Additionally, while a class action lawsuit has been filed relating to the Lehman Notes, Klayman & Toskes reminds investors of the benefits of filing an individual arbitration claim, as opposed to participating in a class action lawsuit. According to Lawrence L. Klayman of Klayman & Toskes, "We have consistently said that investors who lost more than $100,000 in their brokerage account should pursue an individual arbitration claim rather than participate in a class action. The Awards coming out in these Lehman Note cases confirm our position."

To date, investors who filed claims against UBS in the FINRA arbitration forum have won seven of eight cases. The sole case which did not prevail was filed by a pro se investor. Collectively, the eight cases sought damages of $3,642,688, with Panels handing out 95% of that amount, or $3,461,438. Five of the seven successful cases won 100% of the damages sought. The other two cases won an average of 67% of the damages. The high win rate in these cases stands in stark contrast with the results obtained by investors from 2006 to 2010. During this time frame, investors won about 43% of the time. 

By participating in a class action lawsuit, an investor may only recover a nominal amount. However, if one has experienced significant investment losses, it may be more beneficial for them to file an individual securities arbitration claim. In 2003, Klayman & Toskes conducted a detailed study of securities arbitration versus class action. The study concluded that investors who file a securities arbitration claim traditionally obtain an overall higher rate of recovery as opposed to participating in a class action lawsuit. To view the full results of the comparison, please visit our web-site: http://www.nasd-law.com/documents/classvr.pdf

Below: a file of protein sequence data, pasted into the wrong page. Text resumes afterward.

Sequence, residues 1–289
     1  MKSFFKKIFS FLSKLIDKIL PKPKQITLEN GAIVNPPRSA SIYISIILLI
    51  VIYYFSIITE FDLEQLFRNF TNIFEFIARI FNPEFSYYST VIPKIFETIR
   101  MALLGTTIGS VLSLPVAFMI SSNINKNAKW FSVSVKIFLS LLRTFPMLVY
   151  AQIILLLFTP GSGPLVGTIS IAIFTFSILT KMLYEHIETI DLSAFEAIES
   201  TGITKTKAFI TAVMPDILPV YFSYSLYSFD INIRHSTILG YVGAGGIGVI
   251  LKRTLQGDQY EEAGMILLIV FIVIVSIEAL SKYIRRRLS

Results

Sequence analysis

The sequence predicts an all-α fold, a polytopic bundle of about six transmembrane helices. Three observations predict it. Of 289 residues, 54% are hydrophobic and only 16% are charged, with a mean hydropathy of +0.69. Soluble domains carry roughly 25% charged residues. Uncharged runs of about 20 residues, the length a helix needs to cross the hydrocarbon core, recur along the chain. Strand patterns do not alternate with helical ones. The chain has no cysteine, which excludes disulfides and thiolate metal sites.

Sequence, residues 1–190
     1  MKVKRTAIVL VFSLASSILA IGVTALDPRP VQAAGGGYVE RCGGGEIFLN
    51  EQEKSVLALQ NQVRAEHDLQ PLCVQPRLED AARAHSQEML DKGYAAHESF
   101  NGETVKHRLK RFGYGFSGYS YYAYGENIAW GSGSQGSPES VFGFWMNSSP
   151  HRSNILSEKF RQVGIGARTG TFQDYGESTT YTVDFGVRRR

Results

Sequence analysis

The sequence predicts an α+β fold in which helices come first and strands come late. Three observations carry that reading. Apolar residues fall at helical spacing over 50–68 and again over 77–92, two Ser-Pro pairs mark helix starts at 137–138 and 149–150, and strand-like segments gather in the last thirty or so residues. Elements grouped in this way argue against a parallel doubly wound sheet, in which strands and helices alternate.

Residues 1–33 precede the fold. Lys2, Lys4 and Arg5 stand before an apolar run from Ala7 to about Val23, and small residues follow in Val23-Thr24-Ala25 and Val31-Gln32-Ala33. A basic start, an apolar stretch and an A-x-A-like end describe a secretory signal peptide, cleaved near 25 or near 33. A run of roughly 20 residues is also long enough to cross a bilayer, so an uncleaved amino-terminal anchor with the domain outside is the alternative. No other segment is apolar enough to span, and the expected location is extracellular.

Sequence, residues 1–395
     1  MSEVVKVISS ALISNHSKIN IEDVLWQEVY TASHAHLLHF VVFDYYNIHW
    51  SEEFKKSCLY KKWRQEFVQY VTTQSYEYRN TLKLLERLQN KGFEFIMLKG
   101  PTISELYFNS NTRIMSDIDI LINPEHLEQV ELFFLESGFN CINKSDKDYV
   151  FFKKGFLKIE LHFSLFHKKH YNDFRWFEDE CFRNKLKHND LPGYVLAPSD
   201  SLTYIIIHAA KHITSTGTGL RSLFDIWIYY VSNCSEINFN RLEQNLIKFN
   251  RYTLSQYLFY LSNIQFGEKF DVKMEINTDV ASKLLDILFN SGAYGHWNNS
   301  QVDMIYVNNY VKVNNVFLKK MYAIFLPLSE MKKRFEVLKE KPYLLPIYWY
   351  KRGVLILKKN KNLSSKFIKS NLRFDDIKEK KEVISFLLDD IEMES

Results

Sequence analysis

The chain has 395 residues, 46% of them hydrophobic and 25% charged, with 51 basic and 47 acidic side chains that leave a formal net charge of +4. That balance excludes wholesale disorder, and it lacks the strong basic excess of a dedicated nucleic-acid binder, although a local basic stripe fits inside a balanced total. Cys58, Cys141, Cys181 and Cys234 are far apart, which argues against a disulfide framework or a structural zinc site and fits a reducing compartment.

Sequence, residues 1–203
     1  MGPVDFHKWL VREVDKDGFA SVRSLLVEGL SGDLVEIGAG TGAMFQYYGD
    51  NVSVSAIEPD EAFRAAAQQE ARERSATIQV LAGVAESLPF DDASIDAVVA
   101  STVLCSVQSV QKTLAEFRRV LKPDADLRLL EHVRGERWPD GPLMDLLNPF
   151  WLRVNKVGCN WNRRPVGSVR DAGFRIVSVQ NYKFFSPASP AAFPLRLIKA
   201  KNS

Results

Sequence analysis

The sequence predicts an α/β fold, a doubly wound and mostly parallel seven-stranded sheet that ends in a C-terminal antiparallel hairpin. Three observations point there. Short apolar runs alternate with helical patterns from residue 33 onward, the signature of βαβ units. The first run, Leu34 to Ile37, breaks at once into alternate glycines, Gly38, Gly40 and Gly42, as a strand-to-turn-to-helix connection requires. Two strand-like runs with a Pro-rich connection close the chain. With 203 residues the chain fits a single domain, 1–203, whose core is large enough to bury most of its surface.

Investors who have sustained losses in the Lehman Notes can contact Klayman & Toskes to explore their legal rights and options. The attorneys at Klayman & Toskes are dedicated to pursuing claims on behalf of investors who have suffered investment losses. Klayman & Toskes, an experienced, qualified and nationally recognized securities litigation law firm, practices exclusively in the field of securities arbitration and litigation. It continues its representation of investors throughout the world in securities arbitration and litigation matters against major Wall Street brokerage firms.

If you wish to discuss this announcement or have investment losses of $100,000 or more in the Lehman Notes, please contact Steven D. Toskes, Esquire or Jahan K. Manasseh, Esquire of Klayman & Toskes, P.A., at 888-997-9956 or visit us on the web at http://www.nasd-law.com.

CONTACT: Klayman & Toskes, P.A.
         888-997-9956